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coverts wanted looking after- Several new gorse
coverts ought to be planted in the Friday country,
which was the best part for riding over. And then
there was the wire, which was deplorably prevalent
in places, though well marked with red boards in
the hedges. In the Kennels, too, there was much to
be attended to.

The Packlestone country was hunted four days a
week. Its character was variedócow-pastures and
collieries being the extremes of good and bad. In
some districts there were too many'villages, and there
were three or four biggish industrial towns. This
abundance of population seemed to me an intrusion,
and I wished I could clear every mean modern
dwelling out of the hunt. For the most part, how-
ever, it appeared to be a paradise of jumpable fences,
and compared with the well-wooded Ringwell region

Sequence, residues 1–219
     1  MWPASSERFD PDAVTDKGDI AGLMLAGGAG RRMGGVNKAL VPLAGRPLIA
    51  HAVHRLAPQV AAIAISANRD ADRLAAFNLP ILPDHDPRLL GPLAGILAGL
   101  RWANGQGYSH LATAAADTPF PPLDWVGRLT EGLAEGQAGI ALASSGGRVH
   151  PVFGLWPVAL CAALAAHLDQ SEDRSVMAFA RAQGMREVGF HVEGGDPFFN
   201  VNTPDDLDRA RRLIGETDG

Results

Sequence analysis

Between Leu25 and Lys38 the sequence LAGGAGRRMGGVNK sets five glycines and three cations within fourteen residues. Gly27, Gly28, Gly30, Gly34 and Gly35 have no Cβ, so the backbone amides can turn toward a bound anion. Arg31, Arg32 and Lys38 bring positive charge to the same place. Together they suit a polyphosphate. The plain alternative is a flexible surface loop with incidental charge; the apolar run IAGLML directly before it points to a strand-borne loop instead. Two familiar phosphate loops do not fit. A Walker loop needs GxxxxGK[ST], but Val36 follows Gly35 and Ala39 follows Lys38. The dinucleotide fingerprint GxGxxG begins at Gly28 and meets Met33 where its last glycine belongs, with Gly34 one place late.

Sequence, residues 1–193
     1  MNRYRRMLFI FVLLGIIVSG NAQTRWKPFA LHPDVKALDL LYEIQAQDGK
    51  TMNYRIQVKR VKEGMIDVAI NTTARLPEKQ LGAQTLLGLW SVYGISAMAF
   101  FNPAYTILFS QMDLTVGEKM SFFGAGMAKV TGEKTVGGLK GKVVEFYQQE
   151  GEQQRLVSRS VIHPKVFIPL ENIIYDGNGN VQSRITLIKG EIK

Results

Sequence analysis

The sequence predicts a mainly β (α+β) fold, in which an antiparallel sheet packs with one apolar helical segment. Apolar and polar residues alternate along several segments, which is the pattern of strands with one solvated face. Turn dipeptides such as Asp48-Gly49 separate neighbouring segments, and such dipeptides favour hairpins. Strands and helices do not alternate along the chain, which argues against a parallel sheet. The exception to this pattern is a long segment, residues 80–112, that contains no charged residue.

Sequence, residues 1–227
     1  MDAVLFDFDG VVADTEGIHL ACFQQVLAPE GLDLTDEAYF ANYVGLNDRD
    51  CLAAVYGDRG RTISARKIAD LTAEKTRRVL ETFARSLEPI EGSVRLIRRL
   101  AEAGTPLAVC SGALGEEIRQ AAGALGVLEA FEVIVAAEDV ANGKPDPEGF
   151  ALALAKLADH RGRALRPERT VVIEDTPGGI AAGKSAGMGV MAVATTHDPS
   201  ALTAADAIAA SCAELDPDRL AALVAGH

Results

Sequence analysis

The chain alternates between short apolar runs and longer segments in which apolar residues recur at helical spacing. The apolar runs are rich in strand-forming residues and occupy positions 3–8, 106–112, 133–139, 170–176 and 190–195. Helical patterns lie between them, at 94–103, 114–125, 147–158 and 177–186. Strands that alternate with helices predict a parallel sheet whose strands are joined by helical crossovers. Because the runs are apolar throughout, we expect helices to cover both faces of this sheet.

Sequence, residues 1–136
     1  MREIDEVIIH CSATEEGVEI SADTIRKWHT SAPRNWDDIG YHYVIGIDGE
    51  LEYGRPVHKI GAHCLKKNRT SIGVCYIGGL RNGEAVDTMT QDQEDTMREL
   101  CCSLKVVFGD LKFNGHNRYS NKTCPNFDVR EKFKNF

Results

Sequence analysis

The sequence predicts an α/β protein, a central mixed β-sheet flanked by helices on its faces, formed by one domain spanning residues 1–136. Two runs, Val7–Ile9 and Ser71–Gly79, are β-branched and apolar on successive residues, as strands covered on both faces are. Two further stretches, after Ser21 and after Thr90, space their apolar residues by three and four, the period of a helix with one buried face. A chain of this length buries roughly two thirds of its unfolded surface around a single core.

it was a tip-top country. For the first time in my life
I was able to sit down and jump a dozen clean fences
without pulling up. In fact, as Denis said, it was a
place where I could jump myself silly. Also it had
the charm of freshness, and I have always thought
that a country becomes less enjoyable as one gets to
know it better; in a strange country a twisting hunt
seems like a straight one. But this is a truism which
applies to many things in life besides riding to hounds.

Foxes were plentiful, except in parts of the Friday
country; but there was no shortage anywhere as
regards rich-flavoured Surteesian figures. Coming,
as I did, from afar, and knowing nothing of their
antecedents and more intimate aspects, I observed
the Packlestone people with peculiar vividness. I
saw them as a little outdoor world of country char-
acters and I took them all for granted on their
face value. How privileged and unperturbed they